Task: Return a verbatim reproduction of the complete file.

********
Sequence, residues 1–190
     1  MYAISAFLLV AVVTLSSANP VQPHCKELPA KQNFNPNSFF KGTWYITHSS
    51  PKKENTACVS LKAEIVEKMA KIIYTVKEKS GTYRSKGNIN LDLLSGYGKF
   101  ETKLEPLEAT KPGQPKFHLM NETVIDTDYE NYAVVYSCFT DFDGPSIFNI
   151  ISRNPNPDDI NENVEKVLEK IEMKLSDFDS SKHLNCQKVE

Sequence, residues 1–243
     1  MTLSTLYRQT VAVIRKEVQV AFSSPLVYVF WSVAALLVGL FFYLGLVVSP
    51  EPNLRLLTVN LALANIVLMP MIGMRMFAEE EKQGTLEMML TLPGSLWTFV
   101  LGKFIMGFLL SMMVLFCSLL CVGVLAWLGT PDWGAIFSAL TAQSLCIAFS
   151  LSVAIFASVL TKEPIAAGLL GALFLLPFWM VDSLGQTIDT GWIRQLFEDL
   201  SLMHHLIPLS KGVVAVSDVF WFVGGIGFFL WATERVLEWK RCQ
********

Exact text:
Sequence, residues 1–190
     1  MYAISAFLLV AVVTLSSANP VQPHCKELPA KQNFNPNSFF KGTWYITHSS
    51  PKKENTACVS LKAEIVEKMA KIIYTVKEKS GTYRSKGNIN LDLLSGYGKF
   101  ETKLEPLEAT KPGQPKFHLM NETVIDTDYE NYAVVYSCFT DFDGPSIFNI
   151  ISRNPNPDDI NENVEKVLEK IEMKLSDFDS SKHLNCQKVE

Sequence, residues 1–243
     1  MTLSTLYRQT VAVIRKEVQV AFSSPLVYVF WSVAALLVGL FFYLGLVVSP
    51  EPNLRLLTVN LALANIVLMP MIGMRMFAEE EKQGTLEMML TLPGSLWTFV
   101  LGKFIMGFLL SMMVLFCSLL CVGVLAWLGT PDWGAIFSAL TAQSLCIAFS
   151  LSVAIFASVL TKEPIAAGLL GALFLLPFWM VDSLGQTIDT GWIRQLFEDL
   201  SLMHHLIPLS KGVVAVSDVF WFVGGIGFFL WATERVLEWK RCQ